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A Training Guide for Rookie Investors
04/16/2012 4:00 am EST
This young investor doesn’t want his money idling in a low-interest savings account, so what can he do? Rob Carrick, reporter and columnist for The Globe and Mail, explores the best options.
Introducing Patrick Bousfield, rookie retirement investor.
Bousfield, 26, is a young adult who is doing all the right things with his money. Since starting his career in November 2009, he’s been paying off his debts and building an emergency fund. A $12,500 bonus received late last year went into a registered retirement savings plan.
[An RRSP is roughly the Canadian analog to the American 401(k). Please note that this story was written to a Canadian audience. If you have any questions about how the advice given in this article affects you, please contact your investment advisor—Editor.]
Now, he’s stuck. His RRSP money is idling in an online savings account earning just 2%. He knows he needs a long-term investing approach that will produce higher returns, but he’s not sure what to do. His indecision prompted an e-mail to me earlier this week asking for suggestions.
Glad to oblige. What follows is the first installment of a two-part package on getting started as an investor. Part One looks at the right investments, and Part Two next week will cover the best online brokers for newbies.
Let’s get to know Bousfield a bit in order to get him on the right track for investing. Here’s an edited transcript of a recent conversation that I had with him about investing:
How would you describe your investing knowledge level?
It’s increasing every day, but it started from not even knowing what an RRSP meant. On a scale of one to ten, I went from zero to a four now.
Have you thought about whether you want to invest on your own, or use an advisor?
I want to do it on my own. I’d rather see if I can give it a go until I get to a certain amount, and then go to an advisor. I think that with such a small amount in my account, I’m going to get killed with fees without getting any real benefit out of it.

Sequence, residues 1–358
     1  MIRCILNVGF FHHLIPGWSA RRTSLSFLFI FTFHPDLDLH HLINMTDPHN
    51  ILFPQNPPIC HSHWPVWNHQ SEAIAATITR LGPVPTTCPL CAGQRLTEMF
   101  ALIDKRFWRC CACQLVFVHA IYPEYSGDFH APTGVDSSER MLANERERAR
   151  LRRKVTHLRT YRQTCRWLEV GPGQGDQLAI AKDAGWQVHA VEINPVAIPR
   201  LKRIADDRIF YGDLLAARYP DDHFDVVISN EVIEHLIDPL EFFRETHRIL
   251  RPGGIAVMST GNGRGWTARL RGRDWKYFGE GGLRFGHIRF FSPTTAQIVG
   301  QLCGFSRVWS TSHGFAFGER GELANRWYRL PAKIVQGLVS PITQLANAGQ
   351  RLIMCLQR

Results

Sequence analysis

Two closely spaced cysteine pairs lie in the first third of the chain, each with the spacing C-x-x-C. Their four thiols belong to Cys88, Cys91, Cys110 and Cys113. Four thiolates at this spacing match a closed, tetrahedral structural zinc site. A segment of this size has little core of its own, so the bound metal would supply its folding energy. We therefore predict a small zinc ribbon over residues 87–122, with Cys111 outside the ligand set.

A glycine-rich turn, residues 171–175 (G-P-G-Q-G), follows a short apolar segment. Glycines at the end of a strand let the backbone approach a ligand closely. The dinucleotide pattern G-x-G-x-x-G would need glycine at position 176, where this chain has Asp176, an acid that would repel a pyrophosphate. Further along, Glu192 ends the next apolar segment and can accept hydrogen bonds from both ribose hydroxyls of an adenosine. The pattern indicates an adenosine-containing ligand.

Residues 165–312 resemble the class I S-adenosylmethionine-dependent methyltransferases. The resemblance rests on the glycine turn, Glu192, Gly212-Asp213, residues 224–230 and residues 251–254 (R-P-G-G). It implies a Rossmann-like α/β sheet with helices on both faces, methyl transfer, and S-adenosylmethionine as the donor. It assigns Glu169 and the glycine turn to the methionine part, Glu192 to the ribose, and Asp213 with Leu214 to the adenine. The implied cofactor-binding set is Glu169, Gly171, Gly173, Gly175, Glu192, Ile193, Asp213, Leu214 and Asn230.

Have you asked family and friends for help?
I’ve tried to ask family members, but It’s an awkward subject to bring up. Everyone has an opinion, and they’re not really looking at it from my perspective, as someone just starting out.
How do you feel about the risk of losing money by investing in stocks?
My generation is terrified of it. But I am definitely not afraid of it. I know there are going to be times when I’m going to take a loss.
You mentioned in your e-mail that you’ve been looking at index mutual funds and exchange traded funds. Why not mutual funds?
Based on all the articles I’ve read, it seems like it makes sense to stay far away from mutual funds because of the management expense ratios. What I’ve found with mutual funds is that you have to watch the fees.
How much do you plan to contribute to your RRSP every year?
I want to max it out as much as I can.
Do you see yourself contributing every month or in a lump sum once per year?
I was thinking that at the end of the year, I would throw whatever I can into my RRSP. But it makes sense to contribute every month. I’m already taking 10% [of my paycheck] and throwing it into an emergency fund. Once I get that built up, I’ll move the money over to my RRSP.
Are you comfortable with the idea of buying and selling investments through an online broker?
Absolutely. I much prefer doing it online.
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